Paul Richter,WASHINGTON, Los Angeles Times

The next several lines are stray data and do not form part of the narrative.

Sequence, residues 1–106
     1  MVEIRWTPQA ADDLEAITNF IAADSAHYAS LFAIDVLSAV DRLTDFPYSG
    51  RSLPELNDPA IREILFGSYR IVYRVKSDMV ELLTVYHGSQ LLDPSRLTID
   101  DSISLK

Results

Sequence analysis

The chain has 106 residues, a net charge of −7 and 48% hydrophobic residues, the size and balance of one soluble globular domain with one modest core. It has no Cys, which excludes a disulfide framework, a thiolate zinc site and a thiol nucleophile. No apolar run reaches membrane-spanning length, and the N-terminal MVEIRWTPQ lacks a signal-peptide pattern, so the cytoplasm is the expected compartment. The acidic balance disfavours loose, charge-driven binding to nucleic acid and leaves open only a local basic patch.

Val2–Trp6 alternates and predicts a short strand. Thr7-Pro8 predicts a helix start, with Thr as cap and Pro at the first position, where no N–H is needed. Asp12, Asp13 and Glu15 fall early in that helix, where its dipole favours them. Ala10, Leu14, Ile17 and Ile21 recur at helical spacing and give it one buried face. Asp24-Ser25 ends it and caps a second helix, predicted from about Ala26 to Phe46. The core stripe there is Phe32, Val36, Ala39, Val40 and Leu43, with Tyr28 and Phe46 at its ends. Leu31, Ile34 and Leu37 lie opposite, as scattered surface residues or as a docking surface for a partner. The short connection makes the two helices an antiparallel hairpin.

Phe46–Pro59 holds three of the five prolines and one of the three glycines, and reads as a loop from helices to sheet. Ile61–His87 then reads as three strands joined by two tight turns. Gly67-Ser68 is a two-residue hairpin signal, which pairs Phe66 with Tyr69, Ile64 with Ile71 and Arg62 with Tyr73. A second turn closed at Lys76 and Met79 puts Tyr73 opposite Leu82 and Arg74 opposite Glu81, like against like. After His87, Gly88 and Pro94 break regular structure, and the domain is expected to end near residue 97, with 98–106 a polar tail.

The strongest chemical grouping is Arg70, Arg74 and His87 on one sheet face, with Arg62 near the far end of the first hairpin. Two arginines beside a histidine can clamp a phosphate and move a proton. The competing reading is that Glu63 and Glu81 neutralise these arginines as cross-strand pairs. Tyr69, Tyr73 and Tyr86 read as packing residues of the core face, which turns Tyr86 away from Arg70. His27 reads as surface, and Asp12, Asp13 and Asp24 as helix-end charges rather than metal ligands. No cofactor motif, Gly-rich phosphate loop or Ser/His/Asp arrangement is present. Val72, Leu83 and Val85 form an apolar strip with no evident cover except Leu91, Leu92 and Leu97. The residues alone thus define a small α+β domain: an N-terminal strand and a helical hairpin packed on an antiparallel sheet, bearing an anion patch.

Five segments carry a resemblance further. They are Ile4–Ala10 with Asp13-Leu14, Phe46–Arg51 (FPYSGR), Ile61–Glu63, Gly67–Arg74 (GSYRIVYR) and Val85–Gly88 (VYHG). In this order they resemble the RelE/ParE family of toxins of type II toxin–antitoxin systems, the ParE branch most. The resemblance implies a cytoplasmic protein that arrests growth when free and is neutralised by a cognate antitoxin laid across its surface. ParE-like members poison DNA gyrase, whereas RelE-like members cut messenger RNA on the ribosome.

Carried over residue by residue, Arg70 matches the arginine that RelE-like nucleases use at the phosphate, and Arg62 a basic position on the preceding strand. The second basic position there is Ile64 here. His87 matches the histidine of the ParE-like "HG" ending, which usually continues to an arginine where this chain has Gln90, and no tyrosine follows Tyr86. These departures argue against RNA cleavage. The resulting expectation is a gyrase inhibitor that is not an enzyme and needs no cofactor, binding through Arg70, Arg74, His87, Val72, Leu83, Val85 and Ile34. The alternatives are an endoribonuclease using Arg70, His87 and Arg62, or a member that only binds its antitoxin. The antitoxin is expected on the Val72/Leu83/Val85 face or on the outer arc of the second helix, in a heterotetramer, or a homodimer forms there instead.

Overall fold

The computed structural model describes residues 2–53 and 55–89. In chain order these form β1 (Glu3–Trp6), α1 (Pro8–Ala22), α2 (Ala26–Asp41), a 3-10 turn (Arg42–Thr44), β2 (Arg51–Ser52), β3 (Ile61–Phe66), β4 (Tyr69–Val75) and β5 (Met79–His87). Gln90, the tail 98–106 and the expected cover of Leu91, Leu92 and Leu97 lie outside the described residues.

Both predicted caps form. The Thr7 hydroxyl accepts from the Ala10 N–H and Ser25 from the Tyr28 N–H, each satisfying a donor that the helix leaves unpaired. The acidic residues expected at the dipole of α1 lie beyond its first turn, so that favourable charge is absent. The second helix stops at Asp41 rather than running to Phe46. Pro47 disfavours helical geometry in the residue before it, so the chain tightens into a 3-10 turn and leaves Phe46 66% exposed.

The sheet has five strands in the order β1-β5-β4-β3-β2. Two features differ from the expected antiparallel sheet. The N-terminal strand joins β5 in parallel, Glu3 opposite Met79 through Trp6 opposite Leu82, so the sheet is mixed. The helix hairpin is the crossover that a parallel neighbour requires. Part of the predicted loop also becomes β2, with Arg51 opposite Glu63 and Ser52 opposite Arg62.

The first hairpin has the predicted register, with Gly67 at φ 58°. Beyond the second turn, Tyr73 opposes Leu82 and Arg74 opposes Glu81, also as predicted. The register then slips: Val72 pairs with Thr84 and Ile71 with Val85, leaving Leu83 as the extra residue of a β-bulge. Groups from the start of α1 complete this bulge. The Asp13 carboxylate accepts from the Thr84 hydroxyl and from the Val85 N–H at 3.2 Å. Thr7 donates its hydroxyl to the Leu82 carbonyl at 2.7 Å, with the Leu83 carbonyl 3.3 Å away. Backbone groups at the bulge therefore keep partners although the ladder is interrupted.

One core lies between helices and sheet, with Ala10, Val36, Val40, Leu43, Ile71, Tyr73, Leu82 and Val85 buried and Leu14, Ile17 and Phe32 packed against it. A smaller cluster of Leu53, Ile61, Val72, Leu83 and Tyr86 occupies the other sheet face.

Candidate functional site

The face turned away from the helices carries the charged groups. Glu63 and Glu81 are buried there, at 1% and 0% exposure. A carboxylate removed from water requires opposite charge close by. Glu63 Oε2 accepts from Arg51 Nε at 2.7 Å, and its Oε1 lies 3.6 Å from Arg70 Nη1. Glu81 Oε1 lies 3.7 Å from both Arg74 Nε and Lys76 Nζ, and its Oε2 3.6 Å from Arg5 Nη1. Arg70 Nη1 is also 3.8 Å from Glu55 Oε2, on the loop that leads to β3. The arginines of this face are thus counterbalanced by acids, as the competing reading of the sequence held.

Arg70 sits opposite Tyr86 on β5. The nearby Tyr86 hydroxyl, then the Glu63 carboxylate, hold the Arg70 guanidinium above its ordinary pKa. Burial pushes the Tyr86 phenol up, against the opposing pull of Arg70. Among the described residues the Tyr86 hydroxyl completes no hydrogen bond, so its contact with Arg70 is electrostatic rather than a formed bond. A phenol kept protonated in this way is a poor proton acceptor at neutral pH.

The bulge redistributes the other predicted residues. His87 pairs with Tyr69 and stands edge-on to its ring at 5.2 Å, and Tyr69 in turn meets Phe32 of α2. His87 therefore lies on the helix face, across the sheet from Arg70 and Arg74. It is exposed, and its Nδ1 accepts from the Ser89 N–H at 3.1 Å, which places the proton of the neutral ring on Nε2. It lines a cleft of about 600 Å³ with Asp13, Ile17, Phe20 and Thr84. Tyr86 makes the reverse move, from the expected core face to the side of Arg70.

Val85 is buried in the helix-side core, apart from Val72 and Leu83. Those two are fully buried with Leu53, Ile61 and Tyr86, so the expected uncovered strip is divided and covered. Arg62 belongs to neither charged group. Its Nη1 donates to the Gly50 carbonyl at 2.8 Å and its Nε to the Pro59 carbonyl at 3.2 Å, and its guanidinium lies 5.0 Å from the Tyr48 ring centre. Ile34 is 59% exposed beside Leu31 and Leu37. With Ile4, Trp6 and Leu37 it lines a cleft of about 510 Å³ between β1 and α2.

The Bush administration has decided to begin keeping key information on its missile defense program secret, a blow to political opponents who have relied on such data to challenge the technology as error-prone and not ready for deployment. Administration officials say they will withhold the data, which concerns flight tests of the program’s most advanced long-range system, to prevent U.S. adversaries from gaining military secrets about hardware intended to shield America from nuclear attack. Critics of the program, including some influential lawmakers, say the move is an attempt to stifle criticism and allow the administration to control the debate on the system’s future. “They’re attempting to avoid the usual oversight by Congress, the media and the larger scientific community,” said Sen. Jack Reed, D-R.I., chairman of the Senate Armed Services subcommittee that oversees the project. “There’s an attitude of ‘we know best, don’t bother us.”’ Highlighting its technical weaknesses has been opponents’ best hope for slowing the long-debated program. In recent years, critics have repeatedly used Pentagon data from missile defense flight tests to challenge whether the experiments were as successful as claimed. The new policy comes during a year when the administration has moved aggressively to try to ensure the progress of the program, which is a priority for President Bush and Secretary of Defense Donald H. Rumsfeld. Five months ago, Rumsfeld gave the Missile Defense Agency unusual managerial autonomy and removed procurement procedures that usually ensure that new weapons programs remain on track and within budget. Administration officials believe these unusual measures are needed to carry out a program that is urgently needed because of the growing missile threat from countries including North Korea, Iran and Iraq. Critics maintain that the new independence and secrecy increases the chances that the Pentagon will spend tens of billions of dollars on a national anti-missile system that doesn’t work, as it did in the early ‘70s. Under the new policy, the Pentagon will continue to give a week’s public notice before tests and announce whether the tests were successful, officials said. But they said they will be providing less information on test targets and on the decoy devices that are used to try to fool the missile interceptors. The Pentagon conducts tests of its land-based anti-missile system by shooting a long-range target missile into space from the Marshall Islands in the Pacific. On its nose is a dummy warhead that serves as the target. A few minutes later, an interceptor missile is fired from Vandenberg Air Force Base in Santa Barbara County, Calif., carrying a 4-foot-long “kill vehicle.” At about 140 miles in space, the kill vehicle begins maneuvering; it tries to pick out the target from the decoys and collide with it. In earlier tests, officials have described the size, shape, composition and deployment time of decoys. But in the next test, due in early August, officials might describe them only as “balloons” or “plastic replicas,” said Air Force Lt. Col. Rick Lehner, a spokesman. “That’s probably about as specific as we’ll go.” He said the agency intends to disclose as much information as it can and to keep Congress abreast of developments. He said it is routine to step up secrecy as weapon programs become mature and knowledge of weaknesses become more valuable to potential enemies. Critics don’t dispute the need for secrecy, but they maintain that it is not necessary now because the system remains in an early stage of development, years from deployment. “We don’t think they need it,” said Stephen Young, a missile defense analyst at the Union of Concerned Scientists. Data on targets and decoys have been a key part of critics’ challenges for almost two decades. After the most recent test of the ground-based system, in March, the Union of Concerned Scientists challenged a statement by Deputy Defense Secretary Paul D. Wolfowitz that three decoys employed were similar to the warhead and thus were a good test of the seeker’s abilities to discriminate. The group said the decoys had a different shape and had different heat signatures than the target.